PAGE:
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I went through our slides and scanned the images that seemed to best represent the trip. There were many more but the slides shown here illustrate much of what we experienced.

 

Home  | Arctic River Trips Horton River Trip

 

 

 

Burning Anthracite at Franklin Bay

The Horton River trip was our second Arctic canoe trip. We were much better prepared than we had been on our first trip down the Caribou River. The summer before the trip we joined the Minnesota Canoe Association and took their white water canoeing class. That course was invaluable in all of our subsequent trips. We were very green and inexperienced paddlers before we went through the course. We also put together the correct clothing, gear and food for the trip. The emphasis was on less gear and less stuff. The less you have, the easier the trip becomes. The Horton was in the Western arctic about 300 miles east of the Mackenzie River and went through spectacular country. I have scanned the slides that seem to be representative of the terrain that we traversed. We started the trip at Horton Lake which was still covered with ice in early July. The river  was ice free and about twenty feet wide when it left the lake. When we got to Franklin Bay, about 400 miles downriver, it was a mile wide and meandering through the countryside until it broke through the headland into the ocean which was studded with small bergs and bits of sheet ice left over from the previous winter. This is a great river to paddle. Paul and I highly recommend it to anyone with the time and interest. Try to paddle it in a single canoe as we did. It's quieter. 

                                            The Big Picture


The Horton River is in the far west about three hundred miles east of the Mackenzie River.
 It was
our longest paddle and the farthest north, ending about 72* north.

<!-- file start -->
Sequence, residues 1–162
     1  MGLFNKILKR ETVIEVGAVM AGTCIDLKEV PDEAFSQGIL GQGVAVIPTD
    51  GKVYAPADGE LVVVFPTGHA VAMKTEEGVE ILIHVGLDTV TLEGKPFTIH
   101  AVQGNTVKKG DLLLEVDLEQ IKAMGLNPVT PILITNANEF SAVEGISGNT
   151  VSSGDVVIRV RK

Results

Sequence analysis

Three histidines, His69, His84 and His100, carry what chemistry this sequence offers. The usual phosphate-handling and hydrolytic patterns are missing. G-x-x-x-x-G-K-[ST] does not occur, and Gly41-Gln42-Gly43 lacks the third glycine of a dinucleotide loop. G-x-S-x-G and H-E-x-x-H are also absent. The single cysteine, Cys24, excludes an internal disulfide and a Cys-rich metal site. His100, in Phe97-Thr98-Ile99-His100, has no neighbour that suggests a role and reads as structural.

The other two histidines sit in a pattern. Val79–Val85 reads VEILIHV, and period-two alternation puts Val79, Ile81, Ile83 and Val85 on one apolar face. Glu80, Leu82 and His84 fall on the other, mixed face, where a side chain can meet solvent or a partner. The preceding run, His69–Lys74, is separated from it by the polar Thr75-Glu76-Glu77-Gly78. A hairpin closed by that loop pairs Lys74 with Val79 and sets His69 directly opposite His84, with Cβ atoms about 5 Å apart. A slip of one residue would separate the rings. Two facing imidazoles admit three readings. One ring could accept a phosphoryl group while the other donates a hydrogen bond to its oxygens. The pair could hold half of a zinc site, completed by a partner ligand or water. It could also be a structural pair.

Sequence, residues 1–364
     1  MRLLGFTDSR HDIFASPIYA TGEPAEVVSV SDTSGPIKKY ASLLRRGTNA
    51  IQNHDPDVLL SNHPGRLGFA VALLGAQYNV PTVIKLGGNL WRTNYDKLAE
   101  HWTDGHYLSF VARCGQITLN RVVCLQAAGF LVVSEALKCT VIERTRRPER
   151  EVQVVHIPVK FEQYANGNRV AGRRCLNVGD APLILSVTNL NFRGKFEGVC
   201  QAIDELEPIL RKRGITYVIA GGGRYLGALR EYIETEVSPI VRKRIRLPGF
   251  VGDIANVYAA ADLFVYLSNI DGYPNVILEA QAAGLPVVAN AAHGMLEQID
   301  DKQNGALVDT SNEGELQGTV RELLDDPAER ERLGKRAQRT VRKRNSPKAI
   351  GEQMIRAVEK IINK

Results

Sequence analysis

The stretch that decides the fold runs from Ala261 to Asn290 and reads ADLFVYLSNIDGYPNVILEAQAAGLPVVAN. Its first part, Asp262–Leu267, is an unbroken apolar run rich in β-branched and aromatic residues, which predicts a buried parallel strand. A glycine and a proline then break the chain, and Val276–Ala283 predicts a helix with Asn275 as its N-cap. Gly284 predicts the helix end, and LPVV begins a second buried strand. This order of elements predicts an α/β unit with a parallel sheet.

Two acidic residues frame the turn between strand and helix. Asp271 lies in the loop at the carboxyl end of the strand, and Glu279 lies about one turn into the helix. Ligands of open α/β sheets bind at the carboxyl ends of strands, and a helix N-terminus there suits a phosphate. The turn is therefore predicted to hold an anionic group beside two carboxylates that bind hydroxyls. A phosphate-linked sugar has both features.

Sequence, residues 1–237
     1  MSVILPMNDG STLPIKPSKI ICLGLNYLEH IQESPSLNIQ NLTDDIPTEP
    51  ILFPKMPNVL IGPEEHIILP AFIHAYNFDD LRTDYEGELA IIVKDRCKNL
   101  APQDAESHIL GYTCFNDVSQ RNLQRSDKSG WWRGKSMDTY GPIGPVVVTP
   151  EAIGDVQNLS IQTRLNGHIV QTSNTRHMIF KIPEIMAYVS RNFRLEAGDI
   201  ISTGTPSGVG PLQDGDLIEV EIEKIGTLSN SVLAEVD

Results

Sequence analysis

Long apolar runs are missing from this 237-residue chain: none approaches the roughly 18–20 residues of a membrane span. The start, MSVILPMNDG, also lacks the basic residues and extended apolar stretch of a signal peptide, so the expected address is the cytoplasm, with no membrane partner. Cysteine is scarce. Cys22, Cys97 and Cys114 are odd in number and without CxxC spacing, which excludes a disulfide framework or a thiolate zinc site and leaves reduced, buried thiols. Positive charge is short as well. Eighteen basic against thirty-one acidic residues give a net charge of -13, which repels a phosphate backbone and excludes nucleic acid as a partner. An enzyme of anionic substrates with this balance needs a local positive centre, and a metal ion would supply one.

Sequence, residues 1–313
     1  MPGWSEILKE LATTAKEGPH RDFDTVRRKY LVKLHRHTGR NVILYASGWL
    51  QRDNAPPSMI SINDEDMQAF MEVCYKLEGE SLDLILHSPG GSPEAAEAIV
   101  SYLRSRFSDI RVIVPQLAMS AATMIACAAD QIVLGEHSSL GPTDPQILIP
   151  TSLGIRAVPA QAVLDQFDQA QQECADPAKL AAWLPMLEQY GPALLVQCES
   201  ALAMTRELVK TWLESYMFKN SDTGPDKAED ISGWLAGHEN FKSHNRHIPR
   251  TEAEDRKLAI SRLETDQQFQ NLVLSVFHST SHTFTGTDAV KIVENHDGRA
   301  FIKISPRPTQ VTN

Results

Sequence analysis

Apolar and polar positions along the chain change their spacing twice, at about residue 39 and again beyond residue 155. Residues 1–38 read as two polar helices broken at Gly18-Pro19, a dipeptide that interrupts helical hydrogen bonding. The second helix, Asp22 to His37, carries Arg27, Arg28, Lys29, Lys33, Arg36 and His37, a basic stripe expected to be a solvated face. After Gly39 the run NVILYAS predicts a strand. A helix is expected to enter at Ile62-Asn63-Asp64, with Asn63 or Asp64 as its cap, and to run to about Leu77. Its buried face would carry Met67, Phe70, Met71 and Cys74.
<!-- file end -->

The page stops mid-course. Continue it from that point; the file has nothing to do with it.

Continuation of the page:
I have marked the headwaters, Horton Lake, with a couple of red arrows. That's where

we started and we paddled to Franklin Bay, Beaufort Sea. There was an abandoned

Dew Line Radar station not to far from where the river enters the Bay.

 

 

We traveled on Air Canada from  Minneapolis to Winnipeg and then to Yellow Knife were we changedplanes. Our new ride was an old "737" that was refitted to carry cargo and passengers in the passenger cabin. From Yellow Knife we flew Northwest over Great Bear Lake which was still frozen and then to Inuvik. This is Great Bear Lake looking out of the window as we flew over.


We landed at Inuvik were we had made arrangements to get a canoe and a ride to Horton

Lake and the beginning of our trip. At this time of year, the sun never goes down. We

never really stopped at Inuvik.


We were picked up at the airport by the flying service and taken to their base at a nearby

lake were we loaded our gear on a very beat up Cessna 182. It took four tries to get off

the lake and we flew with the stall horn buzzing for over an hour until we burned off enough

fuel to be able to lower the nose to pick up enough speed to leave that very uncomfortable

 flight regime.



We were surprised to see Horton Lake still covered with ice. There was enough open

water near the river outlet on the  north shore to land the plane and unload.


As our rather young pilot circled to land in the bit of open water near the shore, we got

our first glimpse of the river.


The lake ice was breaking up near shore. We landed about 3:00 AM, unloaded our stuff,

set up hasty camp and went to sleep.


This was our second camp and was about twenty miles downstream from the lake. The

country was still very open but we could see the hills that we would be paddling though

up ahead.


The river was picking up more water and more speed.


The Horton is well known for it's plentiful population of brown bears. We saw tracks and

scat at nearly every place we got off of the water. We carried a short barreled stainless

steel 12 gauge shotgun loaded with slugs everywhere we went. It was heavier than pepper

spray but it made more noise.


The river grew bigger and the hills grew higher.


As we got further down the river we started to pass limestone cliffs. Bald Eagles nested

on the cliffs on the upper river and Golden Eagles nested along the lower river. The

limestone cliffs were the harbinger of the Horton Canyon that we were approaching.


This was the only time that I was able to spend any amount of time outside of our tent

without a shirt on. It was very warm and the bugs did not come out. Goodness knows why.

They were with us full time whenever it was warm and blowing hard.


The river cut it's way through a broad plain. There were some trees that grew in the

protection of the valley but it was classic treeless tundra once you were on top.


That's me on the same shirtless walk with my answer to pepper spray.


The river had cut a very large, beautiful valley through the plain. When we got up

high we couldsee the how much material the river had moved.


The meandering river cut a huge valley and left gigantic gravel bars that were great to

camp on.


The gravel bars were flat, dry and clean. We camped on them whenever we could.

The shoreline was usually brushy and buggy